In Brief

How space mining could change the world

Russia bids to join Luxembourg as second country to adopt legal regulations relating to outer space mining

Russia is bidding to join Luxembourg in mining asteroids in space, raising the spectre of a new space race for minerals.

Russian Deputy Prime Minister Tatyana Golikova said the country had offered the small duchy, which became the first country in the world to adopt legal regulations relating to mining in space, “a framework agreement on cooperation in the use of (mining) exploration in space”.

What do they want in space?

Metals such as iron, cobalt, nickel and platinum, the key component used in microchips and electrical circuitry, are abundant on asteroids.

With an estimated $700bn worth of mineral available in the asteroid belt, “companies are being set up all around the world to plunder these resources in a gold rush for the 21st century”, says Science Focus.

Mitch Hunter-Scullion, founder of the UK-based Asteroid Mining Company, says: “It’s the next boom industry. Once you set up the infrastructure then the possibilities are almost infinite. There’s an astronomical amount of money to be made by those bold enough to rise to the challenge of the asteroid rush.”

What are the challenges?

At present, the major obstacle faced by commercial miners is the technical challenge of bringing large quantities of materials back to earth from outer space. Reuters says: “The focus of entrepreneurs pursuing space mining is instead on using space minerals to create interplanetary ‘gas stations’ that will build, support and fuel colonies on Mars.”

Another problem is space law, which does not explicitly address the issue of mining asteroids.

“Currently, the law addressing space mining is extremely unclear and undergoing major legal and political changes,” says Joanne Gabrynowicz, professor of space law at the Beijing Institute of Technology School of Law.

There are five international treaties on space legislation, dominated by the 1967 Treaty on Principles Governing the Activities of States in the Exploration and Use of Outer Space, which prohibits outer space from being used in a military capacity.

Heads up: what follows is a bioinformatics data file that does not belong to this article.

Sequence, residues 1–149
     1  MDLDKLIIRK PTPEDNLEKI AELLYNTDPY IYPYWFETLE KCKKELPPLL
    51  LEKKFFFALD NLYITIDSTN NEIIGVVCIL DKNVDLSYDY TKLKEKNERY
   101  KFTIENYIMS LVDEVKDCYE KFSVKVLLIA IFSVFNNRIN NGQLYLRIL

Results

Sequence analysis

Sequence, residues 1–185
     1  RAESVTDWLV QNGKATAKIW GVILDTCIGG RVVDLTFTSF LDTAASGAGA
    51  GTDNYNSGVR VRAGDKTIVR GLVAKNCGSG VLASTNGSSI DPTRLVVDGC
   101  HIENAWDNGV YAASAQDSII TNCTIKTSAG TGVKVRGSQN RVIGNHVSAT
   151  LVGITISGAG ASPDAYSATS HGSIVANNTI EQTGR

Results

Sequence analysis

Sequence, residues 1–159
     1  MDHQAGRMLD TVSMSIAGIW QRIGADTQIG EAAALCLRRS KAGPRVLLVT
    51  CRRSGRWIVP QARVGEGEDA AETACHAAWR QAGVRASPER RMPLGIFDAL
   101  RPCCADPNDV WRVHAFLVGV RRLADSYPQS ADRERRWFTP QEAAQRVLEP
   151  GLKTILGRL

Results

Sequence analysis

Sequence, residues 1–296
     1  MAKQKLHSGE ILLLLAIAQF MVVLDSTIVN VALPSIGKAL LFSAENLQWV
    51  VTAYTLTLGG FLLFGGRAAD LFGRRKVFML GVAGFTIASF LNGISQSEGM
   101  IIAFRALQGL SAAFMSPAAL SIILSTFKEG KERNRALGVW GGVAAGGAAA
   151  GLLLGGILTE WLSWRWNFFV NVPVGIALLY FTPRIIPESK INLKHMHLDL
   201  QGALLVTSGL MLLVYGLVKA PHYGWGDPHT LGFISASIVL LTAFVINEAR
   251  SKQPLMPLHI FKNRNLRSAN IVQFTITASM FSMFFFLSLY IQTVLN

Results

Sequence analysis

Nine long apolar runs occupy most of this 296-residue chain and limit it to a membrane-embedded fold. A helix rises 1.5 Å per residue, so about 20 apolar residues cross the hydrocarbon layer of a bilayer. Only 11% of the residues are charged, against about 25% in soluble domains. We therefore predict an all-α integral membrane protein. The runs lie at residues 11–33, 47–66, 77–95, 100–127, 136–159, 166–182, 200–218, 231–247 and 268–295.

The chances of every country in the world agreeing on an international space policy are slim, according to Frans von der Dunk, professor of space law at the University of Nebraska-Lincoln.

“By now in view if the general political climate it is highly unlikely that a treaty carrying the consent of the major spacefaring nations will be achieved,” he told Wired.

In the absence of an international consensus, “the prospect of several countries passing their own legislation raises the specter of space mining becoming a new wild west land grab”, says Reuters.

But Science Focus argues “there is more to space mining than a gold rush for the sci-fi age... taking mining off Earth could help relieve humanity’s destruction of our planet’s environment”.

So it is good for the world?

Not necessarily, according to a study from Tel Aviv University, which concluded that “the realisation of space exploitation will disrupt world politics”.

“The researchers describe a situation in which one private company wins the race to space mining, immediately reducing the value of once precious commodities on Earth,” says Wired, warning that “the situation is not unlikely to happen in the future given current advances in technology”.

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